In his letter, while King states the administration does not condone torture, he went on to suggest that torturing criminals might be justified. This is the usual kind of “unthinkable shallow psychology” those like Mr King try on the Guyanese people, who will not be sold on cheap, backward politics. The fact is, no Guyanese would say that those who reap havoc in our society should be treated lightly. From the drug cartels, the massacre crew, the phantom gang, the kick-down-the-door bandits, the rapists, the child molesters, the white-collar criminals, the market thieves, the ‘Texas Rangers,’ etc, the fact is, every law-abiding Guyanese is demanding that the full extent of the law is meted out to those who are bent on disrupting the lives of others. Similarly, every Guyanese understands that it is only a court of law which can impose the proper penalty on these persons once they are found guilty. And beating a prisoner to death is definitely not the way to go about solving the problem, unless we declare that Moses’ Law is the order of the day. Remember the intention is to solve the crime, not to criminalize the society more and further dampen the relationship between the security forces and the citizenry. Co-operation is needed on all fronts to stem the crime tide that has engulfed Guyana within recent years.
Mr King states that “Niles broke the law and should have known better not to smuggle ammunition in the prison.” This statement is again another sad revelation; the suggestion is that Niles should have imagined that he was likely to be beaten to death for his action. Isn’t this cruel thinking tantamount to promoting torture? Let the court deal with Niles, and all other accused. King said in his letter, “Do not let your heart bleed for convicts like Niles.” The issue is not one of ‘bleeding hearts’ for convicts; it is ‘bleeding hearts’ to ensure that the human rights of Guyanese are protected. There are too many instances and allegations of the infringement of people’s human rights, and this certainly does not look good on the part of the government.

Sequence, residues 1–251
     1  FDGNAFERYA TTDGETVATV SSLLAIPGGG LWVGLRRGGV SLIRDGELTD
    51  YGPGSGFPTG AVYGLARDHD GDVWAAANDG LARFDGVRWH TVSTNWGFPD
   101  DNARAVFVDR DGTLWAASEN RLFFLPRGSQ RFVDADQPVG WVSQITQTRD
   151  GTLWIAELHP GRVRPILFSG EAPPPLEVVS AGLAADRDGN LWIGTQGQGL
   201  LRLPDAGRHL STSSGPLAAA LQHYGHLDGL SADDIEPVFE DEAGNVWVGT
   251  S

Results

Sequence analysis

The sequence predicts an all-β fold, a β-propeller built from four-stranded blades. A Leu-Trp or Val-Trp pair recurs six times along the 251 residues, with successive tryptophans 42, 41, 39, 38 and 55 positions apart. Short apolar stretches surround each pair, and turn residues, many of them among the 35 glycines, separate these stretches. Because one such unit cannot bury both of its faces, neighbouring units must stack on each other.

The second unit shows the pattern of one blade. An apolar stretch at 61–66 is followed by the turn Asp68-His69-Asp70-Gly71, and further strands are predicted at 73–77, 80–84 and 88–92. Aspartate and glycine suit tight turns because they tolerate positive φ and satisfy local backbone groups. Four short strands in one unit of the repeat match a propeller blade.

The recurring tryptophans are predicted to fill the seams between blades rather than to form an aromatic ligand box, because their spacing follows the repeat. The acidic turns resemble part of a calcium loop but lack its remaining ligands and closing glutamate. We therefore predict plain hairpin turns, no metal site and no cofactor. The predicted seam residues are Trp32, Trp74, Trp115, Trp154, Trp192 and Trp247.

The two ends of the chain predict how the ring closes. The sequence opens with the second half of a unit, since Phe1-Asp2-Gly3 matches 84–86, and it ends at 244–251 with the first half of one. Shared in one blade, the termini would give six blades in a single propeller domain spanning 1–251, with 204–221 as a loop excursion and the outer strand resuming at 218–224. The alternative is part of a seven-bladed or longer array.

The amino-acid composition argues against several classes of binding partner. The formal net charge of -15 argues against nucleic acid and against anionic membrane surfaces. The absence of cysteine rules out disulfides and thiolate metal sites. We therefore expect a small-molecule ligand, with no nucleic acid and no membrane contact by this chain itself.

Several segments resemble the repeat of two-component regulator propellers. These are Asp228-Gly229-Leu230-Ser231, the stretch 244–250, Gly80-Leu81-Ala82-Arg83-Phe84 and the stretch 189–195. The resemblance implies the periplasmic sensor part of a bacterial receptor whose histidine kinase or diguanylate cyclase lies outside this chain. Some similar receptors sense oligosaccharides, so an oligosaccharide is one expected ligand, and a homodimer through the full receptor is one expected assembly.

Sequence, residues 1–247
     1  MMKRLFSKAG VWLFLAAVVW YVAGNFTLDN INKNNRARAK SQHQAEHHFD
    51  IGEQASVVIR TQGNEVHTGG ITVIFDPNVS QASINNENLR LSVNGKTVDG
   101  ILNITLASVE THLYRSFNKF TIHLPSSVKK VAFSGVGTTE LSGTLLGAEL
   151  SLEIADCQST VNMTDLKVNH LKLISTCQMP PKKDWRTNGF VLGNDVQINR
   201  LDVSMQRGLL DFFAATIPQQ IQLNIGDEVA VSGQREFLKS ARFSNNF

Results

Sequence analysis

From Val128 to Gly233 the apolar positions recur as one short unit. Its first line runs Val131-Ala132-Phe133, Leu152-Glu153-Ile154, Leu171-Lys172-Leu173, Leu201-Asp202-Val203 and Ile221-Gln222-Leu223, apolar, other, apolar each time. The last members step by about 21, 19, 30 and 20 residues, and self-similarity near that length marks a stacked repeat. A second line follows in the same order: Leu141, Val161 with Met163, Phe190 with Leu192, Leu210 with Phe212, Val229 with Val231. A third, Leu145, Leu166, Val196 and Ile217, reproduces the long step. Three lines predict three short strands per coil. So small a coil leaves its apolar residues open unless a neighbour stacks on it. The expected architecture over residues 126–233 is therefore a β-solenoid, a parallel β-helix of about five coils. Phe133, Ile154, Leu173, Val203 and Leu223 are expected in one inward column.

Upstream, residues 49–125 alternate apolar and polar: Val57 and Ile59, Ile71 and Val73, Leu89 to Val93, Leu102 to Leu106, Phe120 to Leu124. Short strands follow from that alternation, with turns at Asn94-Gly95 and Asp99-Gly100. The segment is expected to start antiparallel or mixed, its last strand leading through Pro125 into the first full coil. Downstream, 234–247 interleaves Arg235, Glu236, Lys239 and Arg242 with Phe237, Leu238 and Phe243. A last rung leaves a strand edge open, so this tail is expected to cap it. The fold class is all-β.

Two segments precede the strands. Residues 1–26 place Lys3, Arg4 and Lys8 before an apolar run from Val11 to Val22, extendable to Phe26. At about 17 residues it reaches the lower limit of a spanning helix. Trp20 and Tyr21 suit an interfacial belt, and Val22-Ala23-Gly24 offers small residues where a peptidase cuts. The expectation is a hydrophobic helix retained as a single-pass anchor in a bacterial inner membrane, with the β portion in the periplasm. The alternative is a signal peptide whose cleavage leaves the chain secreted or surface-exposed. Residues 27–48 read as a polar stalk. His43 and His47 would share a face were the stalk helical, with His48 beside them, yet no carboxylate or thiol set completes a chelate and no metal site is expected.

These are serious issues which we must address without partisan motives and without the sole interest being the defence of the authorities. I believe that there needs to be a clear statement followed by corresponding action on the part of the government regarding torture. Guyanese deserve this much.

So, yes, as we lament the brutal slaying of the Lindo Creek victims, the Lusignan victims, the Bartica victims, Kalamadeen’s beheading, Ronald Waddell’s execution, Minister Sawh’s slaying, those young men slaughtered and kidnapped during that infamous period, and many more we must acknowledge the unprecedented level of crime in Guyana. Niles’s death must remind us of dangerous developing trends, where those legitimately tasked with the responsibility to protect Guyanese are accused of committing heinous crimes. So, we must likewise mourn Niles’s death.
Yours faithfully,
Lurlene Nestor